J500 Media and the Environment


alpha, beta, gamma, delta, epsilon, zeta, eta… by dmdeshazer

theta, iota, kappa, lambda, mu, nu, xi, omicron, pi, rho, sigma, tau, upsilon, phi, chi, psi, omega. GO GREEK!

You may hear the Greek alphabet, among other crazy sorority chants, during the week of Panhellenic‘s Fall Formal Recruitment. This week at the University of Kansas typically occurs the same week that classes start in the fall, and lasts a total of seven days. The process of formal recruitment is the main source of new member “inflow,” so to speak, for the thirteen sororities on campus. After a long week of visiting each sorority, and mutually selecting chapters you feel most comfortable with, the new members celebrate with a grand finale: bid day.

Yay, we’re all happy, happy, joy, joy and singing our lovely sorority songs, and life is wonderful! Yippee!

But, wait. What really goes on during this time period? Well, I can tell you, there’s a lot of unneeded waste going on. Sorority recruitment is an event that could use some “greenin’ up.” On the first two days of recruitment alone, each of the approximately 800 potential new members attends all 13 sororities. This means, each chapter they enter, a potential new sorority member is handed a cup of ice cold water and a personalized napkin. Therefore, on average, 10,400 cups are used and disposed of within 20 minutes of their first use, as well as 10,400 napkins.

This waste does not include the paper waste that goes into this week. Each new member applicant must submit multiple page resumes, pictures, and recommendation forms. Pretty typical for any application process. But then each individual chapter will print out multiple-page notebooks, packets, song lyric sheets, instruction sheets, schedules, etc. and distribute these to the thousands of Greek women helping out with recruitment at their separate chapters.

On top of that, the entire recruitment staff moves their office from the Union (right on campus) to a hotel that is about an 8 minute drive away. Recruitment staff members will be driving around campus all day, back and forth from the hotel “office” to sorority chapter houses, running memo’s (more paper waste), nametags, and water (in bottles, of course).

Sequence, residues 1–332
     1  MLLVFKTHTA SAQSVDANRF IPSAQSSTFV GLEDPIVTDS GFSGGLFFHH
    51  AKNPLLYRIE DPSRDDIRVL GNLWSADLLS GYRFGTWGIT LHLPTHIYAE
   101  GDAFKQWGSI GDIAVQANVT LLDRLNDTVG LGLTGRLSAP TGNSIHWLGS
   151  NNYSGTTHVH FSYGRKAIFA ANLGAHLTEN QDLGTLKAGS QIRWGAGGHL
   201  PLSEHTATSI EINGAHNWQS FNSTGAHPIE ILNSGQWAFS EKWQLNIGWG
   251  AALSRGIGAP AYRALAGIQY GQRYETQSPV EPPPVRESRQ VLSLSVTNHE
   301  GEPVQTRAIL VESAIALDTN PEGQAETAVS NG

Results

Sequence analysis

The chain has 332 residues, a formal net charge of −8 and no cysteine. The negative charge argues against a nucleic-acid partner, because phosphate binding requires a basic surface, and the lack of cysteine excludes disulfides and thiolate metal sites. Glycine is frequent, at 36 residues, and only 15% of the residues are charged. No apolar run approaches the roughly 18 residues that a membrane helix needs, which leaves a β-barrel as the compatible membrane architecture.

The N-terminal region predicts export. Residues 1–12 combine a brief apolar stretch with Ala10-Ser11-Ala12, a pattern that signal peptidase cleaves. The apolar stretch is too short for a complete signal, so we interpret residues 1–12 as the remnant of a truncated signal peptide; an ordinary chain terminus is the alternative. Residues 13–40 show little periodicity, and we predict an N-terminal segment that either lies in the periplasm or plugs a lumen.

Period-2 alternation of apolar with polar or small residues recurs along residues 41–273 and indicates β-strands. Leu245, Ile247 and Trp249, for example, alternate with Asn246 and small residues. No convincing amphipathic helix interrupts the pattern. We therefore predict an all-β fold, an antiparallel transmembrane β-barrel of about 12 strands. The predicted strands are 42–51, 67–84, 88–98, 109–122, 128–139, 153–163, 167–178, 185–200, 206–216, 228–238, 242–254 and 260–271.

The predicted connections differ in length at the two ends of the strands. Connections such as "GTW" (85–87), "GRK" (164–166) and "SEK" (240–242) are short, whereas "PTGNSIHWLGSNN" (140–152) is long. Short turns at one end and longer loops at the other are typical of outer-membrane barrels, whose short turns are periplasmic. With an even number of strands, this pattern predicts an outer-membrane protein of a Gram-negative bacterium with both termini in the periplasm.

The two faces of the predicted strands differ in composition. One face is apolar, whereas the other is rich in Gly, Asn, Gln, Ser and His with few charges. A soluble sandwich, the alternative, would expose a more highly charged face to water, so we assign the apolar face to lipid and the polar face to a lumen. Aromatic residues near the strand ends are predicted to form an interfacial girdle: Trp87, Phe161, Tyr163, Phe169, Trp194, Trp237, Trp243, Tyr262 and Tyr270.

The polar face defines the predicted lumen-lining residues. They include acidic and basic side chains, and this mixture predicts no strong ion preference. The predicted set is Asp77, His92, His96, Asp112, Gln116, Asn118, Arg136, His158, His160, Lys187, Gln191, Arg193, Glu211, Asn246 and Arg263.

It’s a relatively short process, compared to other year-round businesses, but I believe every organization and event can use this opportunity to better the environment. It’s just as simple to cut down on these wastes by cutting the unnecessary means sorority recruitment has come to. For those of you not in a sorority and those of you who are, please tell me you can relate to this situation: You walk into a restaurant and see that the staff serves you drinks in red plastic cups instead of chic martini glasses. Their napkins are rough against your skin, as opposed to a soft pashmina lap towel. But, the food is wonderful — the best you’ve ever had. Do you say to yourself, “I’m never coming back to this place again! Those red cups are absolutely abhorrable; I would never put my lips to such abominable glasses!” I’d hope you would reply that this situation is a little exaggerated and a little ridiculous… because, it is. As a member of a Greek chapter, I didn’t choose my sorority based on the pink streamers or plastic goblets I drank my lemon water out of — I chose it because of the quality of the end product, just as anyone does when making decisions on a restaurant, a hotel, or an apartment. You give and take a little when making decisions, and in this case, those “gives” should be aspects of the process that harm the environment.